The last surviving star of Gone With the Wind turned 103-years-young today. Olivia de Havilland, who played Melanie Wilkes, celebrated her special day on July 1, as the film also celebrated a milestone anniversary. Gone With the Wind hit theaters 80 years ago and was an instant smash, depicting a story of love and loss before, during and after the Civil War in the Deep South.
The actress was awarded two Oscars during her esteemed film career for her roles in To Each His Own in 1946 and The Heiress in 1949. She was nominated for an Academy Award for Best Supporting Actress in 1940 for her work in Gone With the Wind, but lost to her castmate Hattie McDaniel, who portrayed Scarlett O’Hara’s maid, Mammy, and was the first African-American woman to win Hollywood’s highest honor.
De Havilland later stated in an interview with Entertainment Weekly of her loss to McDaniel: “When I returned home on Oscar night, aged 23 and the loser of the award…. I was convinced there was no God.” She said that she soon realized just how historic McDaniel’s win was, and was consoled and thrilled for her castmate’s joyous victory.
In the 1950s, de Havilland left Hollywood for good and moved to France to marry her second husband and have two children, Benjamin and Gisele. She acted sporadically and was last seen on-camera in the 1980s in the Agatha Christie television film Murder Is Easy, the television drama The Royal Romance of Charles and Diana and the 1986 ABC miniseries North and South, Book II. She won a Golden Globe Award for her role as Dowager Empress Maria in the television film Anastasia: The Mystery of Anna in 1986.
Born in Tokyo on July 1, 1916, de Havilland made her big-screen debut in the 1935 drama A Midsummer Night’s Dream, followed by Alibi Ike and The Irish in Us.
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Ladies and gentlemen please be upstanding to wish a very happy and champagne filled 103rd birthday to the double #AcademyAward winning movie legend #OliviaDeHavilland. I visited Miss De Havilland at her glorious home in Paris. She welcomed me with a huge radiant smile with the words “Mr Gotts are you in a hurry to begin or shall we share a champagne?” How could I refuse such an invitation! We sat In her chic lounge sipping a chilled Dom Perignon. She spoke of #ErrolFlynn and their relationship which they shared during the seven movies they made together. We also spoke of her double #Oscar winning sister #JoanFontaine and the famous frosty relationship they endured. Miss De Havilland said “My sister was born a lion, and I was born a tiger, and in the laws of the jungle, they were never friends.” Just before we finished our second glass of fizz, she asked if she could quickly peruse some of my portraits (I had a handful of 10×10 prints of actors from Hollywood’s Golden Era that I’ve been fortunate enough to shoot.). Miss DH stopped at my shot of #LaurenBacall. She raised her hand to cover her mouth a a tear rolled slowly down her cheek. She looked at me and said “Oh Mr Gotts she looks so sad.” And with her eyes still dewy we began our shoot. My memories of my time with the last living actor from #GoneWithTheWind in Paris will always be treasured ones. #Icon #GoneWithTheWind #NaughtyGiggle #ChampagneOclock #photography #AndyGotts #celebrityphotographer #OneShotGotts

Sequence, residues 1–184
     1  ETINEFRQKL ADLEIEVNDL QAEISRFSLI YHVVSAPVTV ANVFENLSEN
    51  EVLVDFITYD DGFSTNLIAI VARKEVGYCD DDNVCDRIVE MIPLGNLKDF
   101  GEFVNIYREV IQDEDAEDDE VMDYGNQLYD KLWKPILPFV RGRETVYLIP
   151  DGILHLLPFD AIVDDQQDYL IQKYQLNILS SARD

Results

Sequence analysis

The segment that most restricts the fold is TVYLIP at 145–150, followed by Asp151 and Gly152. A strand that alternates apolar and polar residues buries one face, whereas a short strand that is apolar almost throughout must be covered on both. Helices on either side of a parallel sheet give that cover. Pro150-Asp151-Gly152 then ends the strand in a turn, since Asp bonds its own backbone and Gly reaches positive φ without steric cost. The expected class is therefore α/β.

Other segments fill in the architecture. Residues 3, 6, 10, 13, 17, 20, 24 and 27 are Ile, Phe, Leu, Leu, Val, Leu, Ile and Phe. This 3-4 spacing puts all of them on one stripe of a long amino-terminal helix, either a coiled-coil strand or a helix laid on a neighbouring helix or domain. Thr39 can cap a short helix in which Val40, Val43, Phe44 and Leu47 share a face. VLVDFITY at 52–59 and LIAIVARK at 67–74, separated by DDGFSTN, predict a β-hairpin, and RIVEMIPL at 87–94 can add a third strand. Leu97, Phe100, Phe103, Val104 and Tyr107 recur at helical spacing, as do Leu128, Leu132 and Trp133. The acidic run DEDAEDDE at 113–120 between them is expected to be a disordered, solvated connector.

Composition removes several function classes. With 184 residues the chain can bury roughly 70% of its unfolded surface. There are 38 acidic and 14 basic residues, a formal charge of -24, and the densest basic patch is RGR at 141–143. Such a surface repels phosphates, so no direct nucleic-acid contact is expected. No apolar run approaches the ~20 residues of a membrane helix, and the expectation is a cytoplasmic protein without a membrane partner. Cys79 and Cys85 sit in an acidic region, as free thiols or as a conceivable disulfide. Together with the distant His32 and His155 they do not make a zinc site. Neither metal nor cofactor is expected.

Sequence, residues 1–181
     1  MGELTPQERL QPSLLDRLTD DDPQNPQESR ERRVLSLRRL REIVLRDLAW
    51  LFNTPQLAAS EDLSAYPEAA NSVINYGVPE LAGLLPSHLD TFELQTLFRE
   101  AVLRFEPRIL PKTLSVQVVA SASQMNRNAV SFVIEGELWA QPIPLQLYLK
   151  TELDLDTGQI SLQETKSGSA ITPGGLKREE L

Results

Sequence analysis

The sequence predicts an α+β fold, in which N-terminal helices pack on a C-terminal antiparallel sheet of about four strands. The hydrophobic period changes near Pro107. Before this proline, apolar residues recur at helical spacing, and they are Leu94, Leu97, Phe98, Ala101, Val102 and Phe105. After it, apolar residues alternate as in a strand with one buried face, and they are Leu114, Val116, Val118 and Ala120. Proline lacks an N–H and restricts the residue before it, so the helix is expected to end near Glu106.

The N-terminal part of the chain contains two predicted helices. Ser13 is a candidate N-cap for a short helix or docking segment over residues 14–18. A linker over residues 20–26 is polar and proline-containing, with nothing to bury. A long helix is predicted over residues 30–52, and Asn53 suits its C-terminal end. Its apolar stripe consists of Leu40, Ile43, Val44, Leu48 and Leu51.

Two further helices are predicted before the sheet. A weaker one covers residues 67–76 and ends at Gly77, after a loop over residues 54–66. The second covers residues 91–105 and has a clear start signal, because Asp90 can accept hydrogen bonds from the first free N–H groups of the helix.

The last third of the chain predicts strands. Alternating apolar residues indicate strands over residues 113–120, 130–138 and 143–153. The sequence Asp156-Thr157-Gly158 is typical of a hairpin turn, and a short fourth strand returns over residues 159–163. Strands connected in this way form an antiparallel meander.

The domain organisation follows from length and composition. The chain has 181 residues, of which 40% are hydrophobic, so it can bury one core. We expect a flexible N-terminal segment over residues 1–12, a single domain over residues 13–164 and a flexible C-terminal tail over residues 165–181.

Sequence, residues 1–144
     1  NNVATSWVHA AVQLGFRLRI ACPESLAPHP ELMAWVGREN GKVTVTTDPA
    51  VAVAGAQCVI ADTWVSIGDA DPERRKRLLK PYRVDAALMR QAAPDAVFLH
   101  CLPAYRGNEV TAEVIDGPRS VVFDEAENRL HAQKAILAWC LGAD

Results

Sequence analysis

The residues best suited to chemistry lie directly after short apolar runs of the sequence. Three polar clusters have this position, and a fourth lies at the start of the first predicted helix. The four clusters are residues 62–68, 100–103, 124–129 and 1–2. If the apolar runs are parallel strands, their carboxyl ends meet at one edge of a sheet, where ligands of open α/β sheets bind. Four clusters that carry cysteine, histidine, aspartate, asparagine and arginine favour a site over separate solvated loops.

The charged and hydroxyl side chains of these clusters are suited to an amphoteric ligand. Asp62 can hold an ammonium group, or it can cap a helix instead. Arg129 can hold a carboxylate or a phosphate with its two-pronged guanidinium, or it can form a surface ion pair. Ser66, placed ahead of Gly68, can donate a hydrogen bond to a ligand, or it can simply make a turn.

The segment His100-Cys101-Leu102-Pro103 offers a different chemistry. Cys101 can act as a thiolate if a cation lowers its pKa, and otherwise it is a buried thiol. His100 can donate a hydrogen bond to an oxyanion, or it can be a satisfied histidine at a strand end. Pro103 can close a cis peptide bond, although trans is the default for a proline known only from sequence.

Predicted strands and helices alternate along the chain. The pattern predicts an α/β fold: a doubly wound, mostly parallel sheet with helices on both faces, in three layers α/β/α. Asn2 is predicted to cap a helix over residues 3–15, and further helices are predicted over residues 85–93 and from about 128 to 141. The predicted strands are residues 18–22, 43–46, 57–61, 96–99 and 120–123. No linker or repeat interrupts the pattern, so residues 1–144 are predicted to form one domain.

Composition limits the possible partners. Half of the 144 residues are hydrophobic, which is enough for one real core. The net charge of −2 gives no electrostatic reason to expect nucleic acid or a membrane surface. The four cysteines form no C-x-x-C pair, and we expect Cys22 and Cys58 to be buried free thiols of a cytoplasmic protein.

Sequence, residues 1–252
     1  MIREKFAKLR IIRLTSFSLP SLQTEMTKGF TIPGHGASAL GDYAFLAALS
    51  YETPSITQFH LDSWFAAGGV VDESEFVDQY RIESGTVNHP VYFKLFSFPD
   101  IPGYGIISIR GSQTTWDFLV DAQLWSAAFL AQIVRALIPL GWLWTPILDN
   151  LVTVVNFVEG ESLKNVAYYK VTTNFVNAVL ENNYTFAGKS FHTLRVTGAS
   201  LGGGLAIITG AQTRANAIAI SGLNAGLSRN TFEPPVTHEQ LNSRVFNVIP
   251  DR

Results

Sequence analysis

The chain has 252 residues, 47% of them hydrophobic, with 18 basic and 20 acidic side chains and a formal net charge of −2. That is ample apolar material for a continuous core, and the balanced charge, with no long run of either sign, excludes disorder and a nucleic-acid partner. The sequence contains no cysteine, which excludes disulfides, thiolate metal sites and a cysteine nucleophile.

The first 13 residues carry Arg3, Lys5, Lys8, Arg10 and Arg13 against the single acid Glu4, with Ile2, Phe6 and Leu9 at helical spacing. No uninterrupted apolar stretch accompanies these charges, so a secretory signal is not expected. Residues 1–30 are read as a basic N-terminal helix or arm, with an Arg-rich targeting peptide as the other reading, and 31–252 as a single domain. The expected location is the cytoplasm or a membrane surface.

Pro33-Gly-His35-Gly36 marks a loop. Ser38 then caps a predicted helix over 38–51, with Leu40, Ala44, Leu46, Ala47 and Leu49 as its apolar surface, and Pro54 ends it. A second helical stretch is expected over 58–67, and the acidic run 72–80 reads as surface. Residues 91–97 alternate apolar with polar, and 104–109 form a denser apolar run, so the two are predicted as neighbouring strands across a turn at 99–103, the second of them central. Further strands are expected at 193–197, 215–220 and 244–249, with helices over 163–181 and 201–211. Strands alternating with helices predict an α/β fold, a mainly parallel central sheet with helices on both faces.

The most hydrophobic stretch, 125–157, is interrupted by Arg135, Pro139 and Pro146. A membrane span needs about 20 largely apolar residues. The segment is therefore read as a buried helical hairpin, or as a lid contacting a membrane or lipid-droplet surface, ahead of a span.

Forbes noted that de Havilland’s career spanned 53 years, from 1935 to 1988. She received a star on the Hollywood Walk of Fame in 1960, and was given an honorary doctorate from the University of Hertfordshire in the U.K. She also received the 2010 National Medal of Arts from President Barack Obama for her lifetime achievements and contributions to American culture as an actress.
A conflict over Olivia de Havilland’s contract with Warner Brothers sidelined her film career during the mid-1940s, but changed the rules in Hollywood forever, as the 1944 de Havilland Decision “made it clear that California law limits to seven years the time an employer can enforce a contract with an employee,” cited People Magazine in a story about the actress.
The legendary screen presence was recently in the news after she took on super-producer Ryan Murphy for what she called his inaccurate portrayal of her, and for using her likeness without her permission in the FX drama Feud: Bette and Joan. She took her case all the way to the Supreme Court, but her petition to review a California court’s dismissal of her lawsuit against FX was rejected in January of this year, reported Forbes. Catherine Zeta-Jones portrayed the actress in the series.
She and her late sister Joan Fontaine are the only siblings in the Academy’s history to have been awarded Best Actress in a Leading Role.